What’s the issue?
Community care assessments.
What’s the case?
Ireneschild v Lambeth LBC.
What was the case about?
The role of the courts in policing community care assessments.
How did the case arise?
Linda Ireneschild is physically disabled and largely unable to move unsupported. She was a Lambeth Council tenant who lived in a two-bed flat on the first and second floors of a converted house.
The flat had a number of internal stairs. Ireneschild was concerned that, as she aged, the risk of her falling when using the stairs was increasing. She applied to Lambeth’s housing department for a transfer and was awarded additional transfer points for her disabilities.
However, pressure on social housing in Lambeth was such that Ireneschild was unlikely to be offered a suitable property for a number of years. Ireneschild then turned to Lambeth social services in her attempt to solve her accommodation problem. An occupational therapy assessment was carried out which concluded she was at risk of falls in the flat.
Lambeth then carried out a full community care assessment. The result of the assessment was that Ireneschild would be offered domiciliary care services, but not accommodation, by social services.
Ireneschild was dissatisfied with the community care assessment. She argued that it had failed to take into account a relevant consideration, namely the OT analysis of falling risk, and, as a result, had underestimated her needs. She was successful in quashing the assessment in the High Court. Lambeth appealed to the Court of Appeal.
What did the Court decide?
The Court of Appeal overturned the High Court’s decision. The High Court had not properly assessed the evidence.
It said the OT assessment had been taken into account in the community care assessment: the community care assessment referred to another report, which itself referred to the OT assessment, and this was enough to show that the community care assessment had taken it into account.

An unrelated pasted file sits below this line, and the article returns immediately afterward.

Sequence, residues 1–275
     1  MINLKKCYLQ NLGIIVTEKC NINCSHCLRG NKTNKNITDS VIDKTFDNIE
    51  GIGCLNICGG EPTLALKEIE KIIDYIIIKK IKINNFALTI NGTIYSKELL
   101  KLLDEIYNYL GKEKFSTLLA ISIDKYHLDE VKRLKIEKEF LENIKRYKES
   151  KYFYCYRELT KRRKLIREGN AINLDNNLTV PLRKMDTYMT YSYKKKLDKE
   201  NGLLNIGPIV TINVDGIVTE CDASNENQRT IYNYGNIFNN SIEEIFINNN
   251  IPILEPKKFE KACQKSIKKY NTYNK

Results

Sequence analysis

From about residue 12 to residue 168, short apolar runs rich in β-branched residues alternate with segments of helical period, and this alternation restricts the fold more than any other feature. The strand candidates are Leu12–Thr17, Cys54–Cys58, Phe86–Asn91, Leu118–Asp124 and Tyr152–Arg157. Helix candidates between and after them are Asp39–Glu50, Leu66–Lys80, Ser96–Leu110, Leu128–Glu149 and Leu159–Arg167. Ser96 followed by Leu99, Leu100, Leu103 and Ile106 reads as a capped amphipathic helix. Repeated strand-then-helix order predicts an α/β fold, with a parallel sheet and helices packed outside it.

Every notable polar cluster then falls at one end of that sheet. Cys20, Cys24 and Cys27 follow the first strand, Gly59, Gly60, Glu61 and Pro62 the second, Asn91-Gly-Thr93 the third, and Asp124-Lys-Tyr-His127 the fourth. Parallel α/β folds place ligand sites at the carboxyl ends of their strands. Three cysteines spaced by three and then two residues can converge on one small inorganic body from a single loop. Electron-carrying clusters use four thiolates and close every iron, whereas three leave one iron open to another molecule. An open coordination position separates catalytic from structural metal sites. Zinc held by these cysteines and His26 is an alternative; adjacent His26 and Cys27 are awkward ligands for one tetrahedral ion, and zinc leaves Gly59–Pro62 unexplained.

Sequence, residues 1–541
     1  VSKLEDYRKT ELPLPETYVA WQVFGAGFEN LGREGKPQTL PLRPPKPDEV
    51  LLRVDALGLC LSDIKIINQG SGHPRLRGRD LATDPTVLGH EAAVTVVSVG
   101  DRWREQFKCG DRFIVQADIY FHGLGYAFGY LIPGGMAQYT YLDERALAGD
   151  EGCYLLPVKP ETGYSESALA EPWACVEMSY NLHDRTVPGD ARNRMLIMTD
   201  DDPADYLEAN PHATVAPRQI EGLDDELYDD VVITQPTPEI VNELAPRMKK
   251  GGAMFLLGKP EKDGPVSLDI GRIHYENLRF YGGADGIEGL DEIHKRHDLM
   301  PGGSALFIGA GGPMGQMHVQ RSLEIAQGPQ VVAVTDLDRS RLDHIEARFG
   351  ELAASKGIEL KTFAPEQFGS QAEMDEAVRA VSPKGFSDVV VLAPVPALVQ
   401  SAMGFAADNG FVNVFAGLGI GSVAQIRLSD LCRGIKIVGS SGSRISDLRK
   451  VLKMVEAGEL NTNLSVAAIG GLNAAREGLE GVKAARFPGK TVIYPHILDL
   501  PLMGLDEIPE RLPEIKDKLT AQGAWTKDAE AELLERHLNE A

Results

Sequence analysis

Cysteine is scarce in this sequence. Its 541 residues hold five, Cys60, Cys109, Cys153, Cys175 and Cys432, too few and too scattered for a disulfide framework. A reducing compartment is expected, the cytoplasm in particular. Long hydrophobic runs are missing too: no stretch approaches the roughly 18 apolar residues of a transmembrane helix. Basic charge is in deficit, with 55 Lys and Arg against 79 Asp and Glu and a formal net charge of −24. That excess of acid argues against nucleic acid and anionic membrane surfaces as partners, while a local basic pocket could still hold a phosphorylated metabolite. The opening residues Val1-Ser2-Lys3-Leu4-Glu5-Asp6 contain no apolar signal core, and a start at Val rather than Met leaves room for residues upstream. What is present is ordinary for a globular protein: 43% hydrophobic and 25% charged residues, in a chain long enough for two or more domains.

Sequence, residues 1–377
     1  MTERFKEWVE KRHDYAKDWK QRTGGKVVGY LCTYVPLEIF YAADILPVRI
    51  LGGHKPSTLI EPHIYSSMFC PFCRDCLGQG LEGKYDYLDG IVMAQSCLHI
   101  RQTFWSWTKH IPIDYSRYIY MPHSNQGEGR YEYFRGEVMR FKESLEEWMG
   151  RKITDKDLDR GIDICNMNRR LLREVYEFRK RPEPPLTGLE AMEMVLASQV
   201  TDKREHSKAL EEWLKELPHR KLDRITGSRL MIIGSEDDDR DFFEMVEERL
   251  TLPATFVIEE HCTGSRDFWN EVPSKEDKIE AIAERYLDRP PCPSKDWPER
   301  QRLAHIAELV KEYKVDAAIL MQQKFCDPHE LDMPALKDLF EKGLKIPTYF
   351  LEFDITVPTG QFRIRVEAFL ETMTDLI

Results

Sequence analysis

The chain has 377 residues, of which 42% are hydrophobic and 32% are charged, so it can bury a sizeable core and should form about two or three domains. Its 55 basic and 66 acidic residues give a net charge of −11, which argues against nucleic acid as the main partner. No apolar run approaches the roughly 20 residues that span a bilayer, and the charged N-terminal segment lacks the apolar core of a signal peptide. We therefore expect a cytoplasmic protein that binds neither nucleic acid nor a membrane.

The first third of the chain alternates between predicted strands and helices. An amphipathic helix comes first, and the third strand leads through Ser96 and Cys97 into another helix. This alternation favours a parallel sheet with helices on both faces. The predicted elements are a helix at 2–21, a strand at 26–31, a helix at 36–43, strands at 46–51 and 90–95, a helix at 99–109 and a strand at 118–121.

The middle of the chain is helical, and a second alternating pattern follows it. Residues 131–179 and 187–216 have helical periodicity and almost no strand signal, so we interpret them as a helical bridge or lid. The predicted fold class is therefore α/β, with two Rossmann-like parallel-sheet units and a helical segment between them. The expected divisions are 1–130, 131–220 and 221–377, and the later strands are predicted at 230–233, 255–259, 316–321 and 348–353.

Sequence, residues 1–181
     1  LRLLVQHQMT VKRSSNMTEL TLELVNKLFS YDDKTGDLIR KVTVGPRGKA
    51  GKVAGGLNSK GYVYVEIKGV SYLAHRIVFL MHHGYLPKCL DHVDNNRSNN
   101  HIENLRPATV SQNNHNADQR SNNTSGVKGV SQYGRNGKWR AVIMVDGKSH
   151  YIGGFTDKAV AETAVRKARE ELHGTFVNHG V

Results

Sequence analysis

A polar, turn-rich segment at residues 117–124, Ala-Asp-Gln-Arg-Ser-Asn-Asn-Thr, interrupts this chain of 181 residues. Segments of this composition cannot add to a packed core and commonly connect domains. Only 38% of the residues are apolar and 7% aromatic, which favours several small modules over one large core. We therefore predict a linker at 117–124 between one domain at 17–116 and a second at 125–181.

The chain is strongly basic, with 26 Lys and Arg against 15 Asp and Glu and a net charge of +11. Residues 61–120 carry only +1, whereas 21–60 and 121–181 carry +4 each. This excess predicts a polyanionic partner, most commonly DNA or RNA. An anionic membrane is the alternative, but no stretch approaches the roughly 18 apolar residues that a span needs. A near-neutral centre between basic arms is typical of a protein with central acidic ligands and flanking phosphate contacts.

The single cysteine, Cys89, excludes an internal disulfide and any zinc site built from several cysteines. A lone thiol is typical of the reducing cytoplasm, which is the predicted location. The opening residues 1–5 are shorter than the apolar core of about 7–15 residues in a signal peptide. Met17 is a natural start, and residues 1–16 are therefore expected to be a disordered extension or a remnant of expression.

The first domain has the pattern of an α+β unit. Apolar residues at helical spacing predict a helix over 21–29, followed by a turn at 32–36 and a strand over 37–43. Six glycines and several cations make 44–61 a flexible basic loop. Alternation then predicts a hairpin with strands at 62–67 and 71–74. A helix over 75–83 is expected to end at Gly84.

Are there wider points here?
Yes. The Court of Appeal criticised the High Court for having failed to appreciate the context within which a community care assessment operates.
It said: “It is an assessment prepared by a social worker for his or her employers. It is not a final determination of a legal dispute by a lawyer which may be subjected to over-zealous textual analysis. Courts must be wary of expecting so much of hard pressed social workers that we risk-taking them away, unnecessarily, from their front-line duties.”
The Court of Appeal also stressed that disputes of this sort should not normally end up in the courts. The statutory social services complaints procedure and the Local Government Ombudsman should be used instead.
The overall message, then: the business of assessing need and making service provisions is, ordinarily, for social workers and not lawyers.
The view from the courtroom
Speaking to Community Care about the decision, barrister Jon Holbrook of 2-3 Gray’s Inn Square Chambers, who appeared on behalf of Lambeth, said: “In recent years, too many challenges to community care assessments have ended up in the courts. This judgment should help social workers to arrest this trend so that they can spend more time providing services to clients and less time involved in court proceedings”.
Full case report
Ed Mitchell is a solicitor, editor of Social Care Law Today and Community Care’s legal expert